24th MEU (SOC) Marines remember September 11

5 Sep 2002 | Sgt. Zachary A. Bathon

The terrorist attacks of September 11, 2001 impacted the lives of Americans around the world in many ways.  The first anniversary of the attacks marks a special time to remember those affected by the tragedy.

During this time Marines from the 24th Marine Expeditionary Unit (Special Operations Capable) took time to recall how the events affected them and what it means for them to be currently deployed with the MEU.

For Lance Cpl. Kevin James, communications section, 24th MEU last September 11 was a day spent worrying about a family member who worked in the World Trade Center.

"I have an uncle who worked for the Port Authority in the World Trade Center," said James. "I was working at 8th Communications Battalion at Camp Lejeune when I heard that someone had flown planes into the towers."

Once he heard the news, the East Brunswick, N.J. native said he spent the rest of the day trying to get in touch of his uncle but was unsuccessful due to the phone lines in New York being jammed.

"Finally I got word from another member of my family that he was all right," said James. "It turns out that he missed his train that morning and was late for work. He was walking into the building just as the second plane hit."
With such a connection to the terrorist attacks James said he is very excited about being on this deployment.

"I'm just glad I have this opportunity to defend my country," he said. "It's also great to have the amount of support we have back home."
Another Marine with a special connection to the attacks is Capt. Harry L. Gardner, adjutant, 24 th MEU (SOC).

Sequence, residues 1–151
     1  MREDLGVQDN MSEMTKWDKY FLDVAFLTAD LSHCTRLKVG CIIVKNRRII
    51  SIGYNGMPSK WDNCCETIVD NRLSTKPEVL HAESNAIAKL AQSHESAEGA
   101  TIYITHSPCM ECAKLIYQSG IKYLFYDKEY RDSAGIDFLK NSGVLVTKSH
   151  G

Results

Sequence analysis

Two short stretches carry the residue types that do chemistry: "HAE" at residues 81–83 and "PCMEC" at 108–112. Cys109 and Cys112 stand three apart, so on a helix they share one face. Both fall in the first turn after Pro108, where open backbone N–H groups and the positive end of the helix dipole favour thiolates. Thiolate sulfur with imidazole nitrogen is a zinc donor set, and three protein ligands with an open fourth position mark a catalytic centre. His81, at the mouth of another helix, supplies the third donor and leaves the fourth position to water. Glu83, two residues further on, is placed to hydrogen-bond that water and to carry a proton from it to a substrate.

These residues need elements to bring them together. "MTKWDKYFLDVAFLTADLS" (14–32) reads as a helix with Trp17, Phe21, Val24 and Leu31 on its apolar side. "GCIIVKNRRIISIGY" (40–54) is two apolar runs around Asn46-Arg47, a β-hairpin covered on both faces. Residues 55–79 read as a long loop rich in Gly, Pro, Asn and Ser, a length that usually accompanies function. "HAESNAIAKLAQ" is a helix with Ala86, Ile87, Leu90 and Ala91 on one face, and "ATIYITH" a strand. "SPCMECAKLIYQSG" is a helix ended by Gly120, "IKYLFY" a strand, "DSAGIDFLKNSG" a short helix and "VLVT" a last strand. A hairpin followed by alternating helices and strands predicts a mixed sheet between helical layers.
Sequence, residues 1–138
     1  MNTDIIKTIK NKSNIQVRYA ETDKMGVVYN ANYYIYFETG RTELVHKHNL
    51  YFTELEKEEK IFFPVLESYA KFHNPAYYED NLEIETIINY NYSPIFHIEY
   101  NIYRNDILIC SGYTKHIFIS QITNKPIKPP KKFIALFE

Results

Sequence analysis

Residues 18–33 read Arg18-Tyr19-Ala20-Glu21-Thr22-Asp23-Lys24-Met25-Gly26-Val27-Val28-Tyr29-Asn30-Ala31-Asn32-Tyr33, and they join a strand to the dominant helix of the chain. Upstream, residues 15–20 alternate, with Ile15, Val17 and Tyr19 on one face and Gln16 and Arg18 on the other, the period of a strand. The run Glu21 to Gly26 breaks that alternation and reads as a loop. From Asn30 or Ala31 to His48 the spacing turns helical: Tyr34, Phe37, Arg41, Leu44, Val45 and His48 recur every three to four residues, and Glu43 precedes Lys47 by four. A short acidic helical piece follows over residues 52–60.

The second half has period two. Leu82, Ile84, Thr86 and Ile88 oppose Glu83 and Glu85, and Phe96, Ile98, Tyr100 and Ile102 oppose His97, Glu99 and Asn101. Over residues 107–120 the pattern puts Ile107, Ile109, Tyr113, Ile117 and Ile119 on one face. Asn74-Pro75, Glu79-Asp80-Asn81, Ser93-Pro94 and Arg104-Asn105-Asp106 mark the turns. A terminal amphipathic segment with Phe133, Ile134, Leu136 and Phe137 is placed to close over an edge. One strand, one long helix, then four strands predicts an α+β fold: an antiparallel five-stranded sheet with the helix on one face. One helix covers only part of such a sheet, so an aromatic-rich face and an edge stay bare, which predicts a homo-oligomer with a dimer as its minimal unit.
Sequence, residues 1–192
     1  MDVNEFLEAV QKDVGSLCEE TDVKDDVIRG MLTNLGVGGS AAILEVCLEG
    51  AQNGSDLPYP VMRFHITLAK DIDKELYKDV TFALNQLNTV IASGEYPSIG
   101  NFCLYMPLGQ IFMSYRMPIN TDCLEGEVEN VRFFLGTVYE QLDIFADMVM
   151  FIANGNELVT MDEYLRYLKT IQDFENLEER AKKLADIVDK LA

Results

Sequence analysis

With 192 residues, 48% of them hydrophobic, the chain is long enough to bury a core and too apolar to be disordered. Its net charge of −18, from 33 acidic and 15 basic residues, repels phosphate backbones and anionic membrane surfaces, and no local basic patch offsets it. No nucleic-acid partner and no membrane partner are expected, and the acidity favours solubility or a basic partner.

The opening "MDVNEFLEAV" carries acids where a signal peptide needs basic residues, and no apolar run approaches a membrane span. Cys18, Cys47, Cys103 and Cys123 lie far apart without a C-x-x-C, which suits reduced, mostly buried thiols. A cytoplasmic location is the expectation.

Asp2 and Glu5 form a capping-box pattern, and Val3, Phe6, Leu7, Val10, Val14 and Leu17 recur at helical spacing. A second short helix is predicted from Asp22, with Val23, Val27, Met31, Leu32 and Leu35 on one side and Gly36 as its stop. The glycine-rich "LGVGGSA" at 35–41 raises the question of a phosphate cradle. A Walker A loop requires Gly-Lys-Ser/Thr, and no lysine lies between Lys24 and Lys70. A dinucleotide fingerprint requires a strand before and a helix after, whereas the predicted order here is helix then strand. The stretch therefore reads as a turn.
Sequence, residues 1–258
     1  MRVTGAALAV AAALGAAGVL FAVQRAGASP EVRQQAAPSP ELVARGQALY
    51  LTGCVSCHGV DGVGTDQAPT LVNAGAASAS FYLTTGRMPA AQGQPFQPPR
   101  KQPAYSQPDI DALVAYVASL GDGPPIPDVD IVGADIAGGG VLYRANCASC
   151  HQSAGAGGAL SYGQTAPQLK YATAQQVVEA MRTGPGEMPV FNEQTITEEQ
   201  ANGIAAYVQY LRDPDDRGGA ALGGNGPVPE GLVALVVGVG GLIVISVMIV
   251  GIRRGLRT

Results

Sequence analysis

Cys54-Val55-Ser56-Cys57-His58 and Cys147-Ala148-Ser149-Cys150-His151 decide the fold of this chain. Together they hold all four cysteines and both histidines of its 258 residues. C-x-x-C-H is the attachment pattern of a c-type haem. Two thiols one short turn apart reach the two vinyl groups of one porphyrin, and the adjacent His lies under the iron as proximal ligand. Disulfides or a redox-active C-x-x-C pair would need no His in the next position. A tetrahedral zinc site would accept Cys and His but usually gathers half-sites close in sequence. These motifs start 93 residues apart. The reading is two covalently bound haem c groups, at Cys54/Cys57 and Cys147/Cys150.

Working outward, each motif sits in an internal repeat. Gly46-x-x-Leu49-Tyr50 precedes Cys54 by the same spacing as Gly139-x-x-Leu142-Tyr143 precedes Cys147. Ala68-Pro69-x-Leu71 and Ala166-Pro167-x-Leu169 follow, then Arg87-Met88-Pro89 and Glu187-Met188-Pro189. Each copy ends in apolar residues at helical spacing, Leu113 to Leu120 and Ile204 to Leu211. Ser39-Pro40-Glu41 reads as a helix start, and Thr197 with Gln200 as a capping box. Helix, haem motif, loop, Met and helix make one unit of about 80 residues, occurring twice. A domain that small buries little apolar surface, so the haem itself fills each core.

"My brother was working in the Pentagon as an aide to the Commandant of the Marine Corps when the plane hit," said the Fairfax, Va. native. "I was deployed with the MEU in Kosovo at the time and was conducting a tour for a vice admiral when a Swedish guard gave me word of what had happened in New York."

Once he heard the news, Gardner said he got back to Camp Bondsteel (Kosovo) and saw everything on TV. It was there he learned that the Pentagon was also hit.
"I knew my brother was in there and didn't know if he was hit or not," he said. "I began sending e-mails out to see if he was okay."

"About 24 hours later I got a response back saying he was all right, but that was a rough 24 hours," said Gardner.

He also thinks that September 11 has had a major influence on this deployment.
"I think we have the same likelihood as the 26th MEU did to end up in the next hot zone," said Gardner. "This has definitely made me think more about being prepared for something to happen."

For Sgt. Alex VanBreukelen, supply section, 24th MEU (SOC), and Long Island, N.Y. native, September 11 is a day that people all over the country were brought together, and a day that made the people of New York realize there is more in life that just New York.

"I know a few people that lost their lives in the attacks on the World Trade Center." No one in my immediate family, but people I knew growing up. That has had an affect on me."

As far as being on deployment with the MEU right now, VanBreukelen can't think of anywhere else he would want to be.

"I think September 11 has made everyone 100 percent operational," he said. "People on the ships are not worried about liberty (time off). They are waiting for something to happen and they are definitely ready to go and get some if they need to.

With memory of September 11 so strong in the minds of the Marines and Sailors currently deployed, the MEU is planning an observance on the anniversary.  The MEU will also screen an Emmy-nominated Home Box Office documentary about the attacks called "In Memoriam."

The MEU and the USS Nassau (LHA-4) will also conduct a video teleconference with students from schools in Ocean City, N.J. This will offer the opportunity for the Marines and Sailors to describe deployed life to young people interested in the experience.